Also, as I am sure you are aware, the movement of current through a conductor produces heat. This heat, in turn, dissipates into the adjacent areas and is depicted as a power-delivery loss proportional to the resistance of the conductor. Also, the formula for calculating power delivery loss is as follows: 

Ploss = I2R


  •  Ploss refers to the power loss through heat dissipation expressed in watts (W).

  •  I2 is the square of the current flowing through the conductor in amperes squared (A2).

  •  R is the resistance of the conductor in ohms (Ω)                        

Overall, being able to calculate PCB current density will afford you a better understanding of the power delivery capacities for your PCB. Furthermore, it will also allow you to formulate designs that avoid potential power failures. Although you could just accept the inevitable destructive shortages and smoking boards, by not correctly checking your current density. All jokes aside, checking and confirming current density, undoubtedly, saves you time, reduces cost, and improves reliability as well as design.

Guidelines for Proper Plane Current Density Levels

I eluded to this earlier that current density levels need to be within tolerance to promote proper PCB functionality. Another analogy that may put this into perspective is the human blood pressure. I believe it is appropriate here because firstly, blood is to humans as current is to a PCB. Secondly, blood pressure is to humans as current density is to a PCB.

In summary, if your blood pressure is too high, you could have a stroke, i.e., human body failure. If your current density is too high, PCB failure. Well, you get the correlation.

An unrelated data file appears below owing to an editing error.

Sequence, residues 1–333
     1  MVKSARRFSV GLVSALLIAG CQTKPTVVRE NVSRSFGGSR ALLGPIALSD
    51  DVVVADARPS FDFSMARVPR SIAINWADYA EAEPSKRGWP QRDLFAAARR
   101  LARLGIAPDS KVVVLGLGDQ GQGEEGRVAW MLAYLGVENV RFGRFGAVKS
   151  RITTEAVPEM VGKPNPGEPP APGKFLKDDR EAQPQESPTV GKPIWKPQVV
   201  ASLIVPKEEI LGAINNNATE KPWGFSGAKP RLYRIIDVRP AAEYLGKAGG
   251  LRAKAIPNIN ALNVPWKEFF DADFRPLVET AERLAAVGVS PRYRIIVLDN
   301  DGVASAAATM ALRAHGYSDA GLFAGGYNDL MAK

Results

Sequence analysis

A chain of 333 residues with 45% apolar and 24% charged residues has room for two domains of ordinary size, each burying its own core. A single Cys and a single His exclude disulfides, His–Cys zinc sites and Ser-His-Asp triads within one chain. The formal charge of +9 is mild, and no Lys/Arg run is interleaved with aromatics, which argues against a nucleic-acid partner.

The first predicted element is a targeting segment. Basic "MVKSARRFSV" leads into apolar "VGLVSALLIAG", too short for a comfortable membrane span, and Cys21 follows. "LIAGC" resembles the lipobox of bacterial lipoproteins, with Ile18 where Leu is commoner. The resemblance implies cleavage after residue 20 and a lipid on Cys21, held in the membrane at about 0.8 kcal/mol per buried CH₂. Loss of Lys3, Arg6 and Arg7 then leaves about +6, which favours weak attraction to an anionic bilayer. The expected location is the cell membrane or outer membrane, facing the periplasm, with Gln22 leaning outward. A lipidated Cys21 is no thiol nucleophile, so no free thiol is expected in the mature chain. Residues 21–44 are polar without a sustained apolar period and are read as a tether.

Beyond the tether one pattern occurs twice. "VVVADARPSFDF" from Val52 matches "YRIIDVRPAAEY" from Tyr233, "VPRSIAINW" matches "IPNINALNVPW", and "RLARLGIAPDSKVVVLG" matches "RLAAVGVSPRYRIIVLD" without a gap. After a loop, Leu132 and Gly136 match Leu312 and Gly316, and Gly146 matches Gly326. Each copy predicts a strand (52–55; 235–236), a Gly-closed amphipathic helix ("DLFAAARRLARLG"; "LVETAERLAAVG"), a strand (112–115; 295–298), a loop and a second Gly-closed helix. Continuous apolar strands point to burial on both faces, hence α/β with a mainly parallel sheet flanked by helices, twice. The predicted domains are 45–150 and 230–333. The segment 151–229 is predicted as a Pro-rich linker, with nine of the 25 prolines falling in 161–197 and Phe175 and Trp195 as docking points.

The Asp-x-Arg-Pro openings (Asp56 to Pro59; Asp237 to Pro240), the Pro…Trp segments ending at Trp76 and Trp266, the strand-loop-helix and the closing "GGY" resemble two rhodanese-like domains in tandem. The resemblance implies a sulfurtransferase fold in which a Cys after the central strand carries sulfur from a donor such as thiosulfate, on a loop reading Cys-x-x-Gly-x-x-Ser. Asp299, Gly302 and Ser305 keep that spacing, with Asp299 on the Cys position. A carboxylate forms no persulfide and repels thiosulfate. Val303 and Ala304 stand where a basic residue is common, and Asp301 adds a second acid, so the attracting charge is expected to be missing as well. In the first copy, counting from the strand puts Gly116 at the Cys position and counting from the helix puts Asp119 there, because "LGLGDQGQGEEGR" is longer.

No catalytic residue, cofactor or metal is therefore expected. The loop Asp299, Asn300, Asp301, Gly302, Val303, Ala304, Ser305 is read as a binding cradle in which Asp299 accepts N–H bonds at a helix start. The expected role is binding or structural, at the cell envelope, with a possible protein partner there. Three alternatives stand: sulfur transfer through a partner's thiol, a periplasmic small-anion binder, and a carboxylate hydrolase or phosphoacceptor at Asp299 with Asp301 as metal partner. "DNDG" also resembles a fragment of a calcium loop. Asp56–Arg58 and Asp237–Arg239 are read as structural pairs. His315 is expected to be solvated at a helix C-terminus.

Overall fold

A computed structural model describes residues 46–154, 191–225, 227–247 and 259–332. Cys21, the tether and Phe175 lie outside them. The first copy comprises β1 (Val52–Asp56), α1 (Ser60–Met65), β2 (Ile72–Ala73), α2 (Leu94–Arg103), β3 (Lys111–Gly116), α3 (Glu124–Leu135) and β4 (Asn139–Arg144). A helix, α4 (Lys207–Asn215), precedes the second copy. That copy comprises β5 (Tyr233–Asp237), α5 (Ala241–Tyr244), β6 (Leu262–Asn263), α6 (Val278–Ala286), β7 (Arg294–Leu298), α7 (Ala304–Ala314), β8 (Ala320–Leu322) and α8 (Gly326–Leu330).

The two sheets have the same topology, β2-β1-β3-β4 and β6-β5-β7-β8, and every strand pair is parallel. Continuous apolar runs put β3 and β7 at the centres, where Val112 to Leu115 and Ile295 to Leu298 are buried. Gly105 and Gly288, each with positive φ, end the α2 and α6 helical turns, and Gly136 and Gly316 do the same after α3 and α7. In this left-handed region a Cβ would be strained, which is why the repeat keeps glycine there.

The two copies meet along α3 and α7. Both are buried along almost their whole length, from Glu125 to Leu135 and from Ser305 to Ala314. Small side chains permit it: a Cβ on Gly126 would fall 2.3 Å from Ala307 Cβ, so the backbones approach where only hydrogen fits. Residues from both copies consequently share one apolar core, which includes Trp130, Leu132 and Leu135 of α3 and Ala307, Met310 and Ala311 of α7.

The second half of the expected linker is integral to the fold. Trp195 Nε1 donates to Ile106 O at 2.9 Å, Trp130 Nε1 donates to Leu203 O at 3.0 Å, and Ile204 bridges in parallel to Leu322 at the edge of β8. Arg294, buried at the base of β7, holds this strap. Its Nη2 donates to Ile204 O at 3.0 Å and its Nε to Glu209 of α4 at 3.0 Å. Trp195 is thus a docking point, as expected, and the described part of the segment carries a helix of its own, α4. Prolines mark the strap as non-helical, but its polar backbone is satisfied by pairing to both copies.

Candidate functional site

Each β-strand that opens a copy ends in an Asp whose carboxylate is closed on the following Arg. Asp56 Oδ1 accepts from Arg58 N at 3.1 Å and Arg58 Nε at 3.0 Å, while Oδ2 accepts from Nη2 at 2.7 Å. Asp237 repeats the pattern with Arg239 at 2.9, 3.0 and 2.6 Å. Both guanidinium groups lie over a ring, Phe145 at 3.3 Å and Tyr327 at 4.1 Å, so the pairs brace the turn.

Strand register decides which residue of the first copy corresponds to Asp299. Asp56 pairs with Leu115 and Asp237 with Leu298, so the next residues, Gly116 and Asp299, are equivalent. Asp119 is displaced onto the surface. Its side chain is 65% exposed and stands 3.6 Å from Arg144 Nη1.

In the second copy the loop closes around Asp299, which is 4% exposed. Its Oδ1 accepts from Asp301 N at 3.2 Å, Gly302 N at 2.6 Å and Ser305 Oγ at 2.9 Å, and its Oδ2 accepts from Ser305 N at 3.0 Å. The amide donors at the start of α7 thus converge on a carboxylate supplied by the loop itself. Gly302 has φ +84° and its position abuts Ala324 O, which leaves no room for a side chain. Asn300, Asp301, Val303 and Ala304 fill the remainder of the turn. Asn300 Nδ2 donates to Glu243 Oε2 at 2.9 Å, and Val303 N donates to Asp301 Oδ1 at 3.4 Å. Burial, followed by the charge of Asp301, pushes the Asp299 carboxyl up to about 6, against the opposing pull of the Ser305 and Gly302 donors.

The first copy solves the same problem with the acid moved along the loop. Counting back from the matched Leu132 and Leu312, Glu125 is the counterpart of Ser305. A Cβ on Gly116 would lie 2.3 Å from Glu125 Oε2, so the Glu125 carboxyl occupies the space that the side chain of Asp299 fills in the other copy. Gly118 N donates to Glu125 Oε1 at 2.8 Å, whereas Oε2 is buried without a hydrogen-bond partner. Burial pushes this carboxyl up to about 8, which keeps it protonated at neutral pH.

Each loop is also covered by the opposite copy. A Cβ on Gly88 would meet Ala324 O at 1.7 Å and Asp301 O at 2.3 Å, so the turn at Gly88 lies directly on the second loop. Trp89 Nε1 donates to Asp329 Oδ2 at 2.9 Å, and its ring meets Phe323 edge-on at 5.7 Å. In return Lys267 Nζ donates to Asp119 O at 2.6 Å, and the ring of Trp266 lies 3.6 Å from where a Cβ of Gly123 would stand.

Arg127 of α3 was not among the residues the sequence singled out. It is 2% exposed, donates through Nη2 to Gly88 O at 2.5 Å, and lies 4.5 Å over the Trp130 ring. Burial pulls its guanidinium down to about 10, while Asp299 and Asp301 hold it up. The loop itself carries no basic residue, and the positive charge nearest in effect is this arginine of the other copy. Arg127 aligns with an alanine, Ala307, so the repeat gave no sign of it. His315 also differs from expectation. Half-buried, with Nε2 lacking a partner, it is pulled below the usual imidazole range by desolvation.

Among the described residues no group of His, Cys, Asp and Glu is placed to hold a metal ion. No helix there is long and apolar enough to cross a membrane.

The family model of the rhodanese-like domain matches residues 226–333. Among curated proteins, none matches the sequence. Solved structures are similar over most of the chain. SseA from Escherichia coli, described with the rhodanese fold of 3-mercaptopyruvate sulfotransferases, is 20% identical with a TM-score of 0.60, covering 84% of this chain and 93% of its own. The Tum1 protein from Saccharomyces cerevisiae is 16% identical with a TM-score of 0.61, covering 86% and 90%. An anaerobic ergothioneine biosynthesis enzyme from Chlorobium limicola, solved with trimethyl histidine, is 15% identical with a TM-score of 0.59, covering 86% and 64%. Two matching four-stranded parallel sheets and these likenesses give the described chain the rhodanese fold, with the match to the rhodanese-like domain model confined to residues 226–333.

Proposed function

Therefore, if you have a current density that exceeds an area's parameters, this will lead to a catastrophic failure. Although it is possible to calculate these parameters manually, it would be both tedious and challenging. Firstly, there are considerations that contribute to the challenging aspects of such an undertaking.

Simulation and Plane Current Density Parameter Calculations

The considerations that make manual current density parameter calculations unwise are numerous. For example, fanouts where current flow distributes among several lines and trace corners. Other factors include induced current from nearby conductors or devices that also have an immense amount of variables and hard-to-calculate areas. In other words, the more variables in your calculations and design, the higher the possibility for errors.

Allegro IR drop analysis with powertree file

Using proper simulation can make even the most dense boards easily understandable.


However, to avoid those possible errors, we still need accurate checks of our voltages and currents for all traces before passing the board to manufacturing. So, how do we achieve the accuracy we require and the efficiency our design demands?

The answer is simple; we use analyzers and simulation within our PCB design software. Through simulation, you will be able to run tests on your current flow distribution and gain a better understanding of where the potential points of failure might occur. Furthermore, you will also be able to re-design these areas as needed to address those potential problems before the board ever reaches manufacturing.

Current density and current flow affect every aspect of your PCB design. The flow of signals and current is the life of any PCB, and without it, the PCB is just another board.

Proper plane current density strategies are easily achievable with Cadence’s suite of design and analysis tools. Utilizing Allegro PCB Designer enables your designs to maintain adequate voltage without overburdening your board designs with too much power. 

If you’re looking to learn more about how Cadence has the solution for you, talk to us and our team of experts

About the Author

Cadence PCB solutions is a complete front to back design tool to enable fast and efficient product creation. Cadence enables users accurately shorten design cycles to hand off to manufacturing through modern, IPC-2581 industry standard.